Representative Ken Buck, a former Weld County district attorney who moonlights as the head of the Colorado Republican Party, this month introduced the Blocking Rioters and Insurrectionists from Our Cities to Keep Us Safe Act, which would increase penalties for inciting, organizing, aiding, abetting or funding rioting from five years to ten years.
The BRICKS Act would also add an escalator clause in which penalties could increase to 25 years in prison if serious bodily injury is inflicted; violators may face up to life in prison if death results from their actions.
Buck's introduction of the bill comes after months of protests related to racial justice, but also a heavy-handed response by federal law enforcement authorities in places like Portland, Oregon, with some federal lawmakers even calling for President Donald Trump to "send in the troops."
While this proposal may help Buck score some political points with conservatives, it's unlikely to have a material effect, according to one former federal prosecutor.
"This bill makes no actual difference to law enforcement's ability to address the kind of offense that we’re talking about," says John Walsh, former U.S. Attorney for the District of Colorado, who recently ran for U.S. Senate as a Democrat. "I see this as a completely symbolic amendment, and not one that’s actually calculated to help law enforcement."
Buck's office did not respond to a request for comment. However, the congressman, who recently cruised to re-election, made his intentions clear in a November 17 announcement of the bill's filing.
"This year, we’ve seen an unprecedented amount of violence from riots organized by Antifa and other radical leftist groups. It’s time to take action against anarchist groups that have wreaked havoc across the country, and the BRICKS Act does just that,” Buck said. “In order to truly restore unity in this country, Congress must support efforts like this to stop the violence perpetrated by the far left. We need to restore the livelihoods of our communities and hold these criminals accountable for their large-scale destruction once and for all.”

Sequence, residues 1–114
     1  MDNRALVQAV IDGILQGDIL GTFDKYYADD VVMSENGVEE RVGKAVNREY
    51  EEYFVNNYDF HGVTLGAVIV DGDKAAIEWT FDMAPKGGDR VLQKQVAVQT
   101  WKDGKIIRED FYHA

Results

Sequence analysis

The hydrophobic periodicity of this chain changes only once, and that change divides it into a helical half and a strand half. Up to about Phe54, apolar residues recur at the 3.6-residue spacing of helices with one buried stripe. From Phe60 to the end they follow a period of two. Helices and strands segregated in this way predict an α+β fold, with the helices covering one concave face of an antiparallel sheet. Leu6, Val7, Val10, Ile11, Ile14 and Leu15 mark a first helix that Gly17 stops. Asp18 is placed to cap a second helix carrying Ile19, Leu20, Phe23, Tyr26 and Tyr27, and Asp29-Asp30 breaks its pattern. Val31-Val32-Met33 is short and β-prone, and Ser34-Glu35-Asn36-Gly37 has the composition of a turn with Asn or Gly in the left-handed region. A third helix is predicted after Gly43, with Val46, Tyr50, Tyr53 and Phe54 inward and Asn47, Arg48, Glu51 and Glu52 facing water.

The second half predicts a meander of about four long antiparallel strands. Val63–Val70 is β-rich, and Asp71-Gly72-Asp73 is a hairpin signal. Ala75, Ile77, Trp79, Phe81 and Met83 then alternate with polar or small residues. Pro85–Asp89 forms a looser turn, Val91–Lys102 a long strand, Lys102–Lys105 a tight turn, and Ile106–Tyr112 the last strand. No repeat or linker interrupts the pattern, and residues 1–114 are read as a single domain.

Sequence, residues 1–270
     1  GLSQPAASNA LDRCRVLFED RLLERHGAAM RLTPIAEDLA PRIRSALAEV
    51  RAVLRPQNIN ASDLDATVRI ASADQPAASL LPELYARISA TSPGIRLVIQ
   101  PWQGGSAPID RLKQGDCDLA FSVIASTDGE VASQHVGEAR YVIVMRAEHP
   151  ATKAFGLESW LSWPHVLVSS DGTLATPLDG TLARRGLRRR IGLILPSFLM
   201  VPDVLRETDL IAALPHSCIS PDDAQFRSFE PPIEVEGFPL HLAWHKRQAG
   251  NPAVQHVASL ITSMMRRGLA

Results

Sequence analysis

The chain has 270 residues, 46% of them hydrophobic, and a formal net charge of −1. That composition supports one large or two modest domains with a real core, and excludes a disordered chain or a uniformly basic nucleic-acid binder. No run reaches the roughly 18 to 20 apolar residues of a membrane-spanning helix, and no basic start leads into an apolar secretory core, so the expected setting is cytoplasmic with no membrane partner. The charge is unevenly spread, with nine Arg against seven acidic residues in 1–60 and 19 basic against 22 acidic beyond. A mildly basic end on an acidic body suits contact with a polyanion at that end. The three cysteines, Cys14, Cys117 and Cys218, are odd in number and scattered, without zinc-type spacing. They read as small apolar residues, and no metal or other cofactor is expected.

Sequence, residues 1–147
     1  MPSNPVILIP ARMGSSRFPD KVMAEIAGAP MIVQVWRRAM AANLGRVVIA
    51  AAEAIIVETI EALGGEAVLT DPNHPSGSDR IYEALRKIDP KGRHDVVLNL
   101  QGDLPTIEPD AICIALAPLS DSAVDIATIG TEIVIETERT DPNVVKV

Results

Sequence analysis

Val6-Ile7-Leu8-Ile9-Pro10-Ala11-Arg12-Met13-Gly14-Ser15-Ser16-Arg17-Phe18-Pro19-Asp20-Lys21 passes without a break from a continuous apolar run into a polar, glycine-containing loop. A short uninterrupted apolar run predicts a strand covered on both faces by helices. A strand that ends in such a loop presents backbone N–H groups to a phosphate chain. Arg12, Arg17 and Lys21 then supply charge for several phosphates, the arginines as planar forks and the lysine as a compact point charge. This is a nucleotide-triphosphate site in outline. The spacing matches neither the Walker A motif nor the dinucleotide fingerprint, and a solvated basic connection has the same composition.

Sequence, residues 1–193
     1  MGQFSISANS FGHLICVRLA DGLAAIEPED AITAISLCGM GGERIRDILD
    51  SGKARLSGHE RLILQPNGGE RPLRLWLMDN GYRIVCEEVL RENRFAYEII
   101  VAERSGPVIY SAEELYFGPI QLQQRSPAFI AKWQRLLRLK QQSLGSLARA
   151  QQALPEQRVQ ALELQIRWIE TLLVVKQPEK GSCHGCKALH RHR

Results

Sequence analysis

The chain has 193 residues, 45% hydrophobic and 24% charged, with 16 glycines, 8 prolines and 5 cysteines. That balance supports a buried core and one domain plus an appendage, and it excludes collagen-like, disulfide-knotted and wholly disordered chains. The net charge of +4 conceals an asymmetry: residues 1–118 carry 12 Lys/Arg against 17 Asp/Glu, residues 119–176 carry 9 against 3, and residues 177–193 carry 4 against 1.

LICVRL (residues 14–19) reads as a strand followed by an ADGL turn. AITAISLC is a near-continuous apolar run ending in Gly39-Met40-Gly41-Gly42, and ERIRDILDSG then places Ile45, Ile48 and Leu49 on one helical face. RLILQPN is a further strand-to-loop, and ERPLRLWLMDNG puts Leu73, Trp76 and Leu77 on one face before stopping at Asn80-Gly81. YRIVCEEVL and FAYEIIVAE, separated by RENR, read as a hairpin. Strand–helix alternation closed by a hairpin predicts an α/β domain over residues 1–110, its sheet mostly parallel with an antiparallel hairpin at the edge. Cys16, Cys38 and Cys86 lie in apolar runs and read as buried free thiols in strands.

Walsh has seen these types of bills before. "It’s not uncommon for the criminal law and criminal penalties to be used as a symbolic way of signaling a particular legislator’s or Congress's or state assembly’s concern over a particular issue," he says.
But it's rare for federal prosecutors to go after an individual for a rioting offense, Walsh notes. Those cases are usually handled by district attorneys.
Aside from increasing the penalty for standard rioting offenses, Buck's bill also seeks to spell out aggravating factors, with a stipulation that rioting accompanied by the "use, attempted use, or threatened use of a dangerous weapon, explosives, or fire," be punishable by up to 25 years in prison.
And if the rioting offense results in death or involves things like kidnapping, an attempt to kill or aggravated sexual abuse, the person involved can be sentenced to up to life in prison, according to the bill.
According to Walsh, however, prosecutors can address these aggravating factors already by charging an individual with various crimes in addition to the rioting offenses.
Says Walsh: "There are many other tools that you can bring [for] a more serious crime or where someone is really hurt or where bombs or other weapons are used, to ensure that a truly dangerous person would receive a stiff sentence already."
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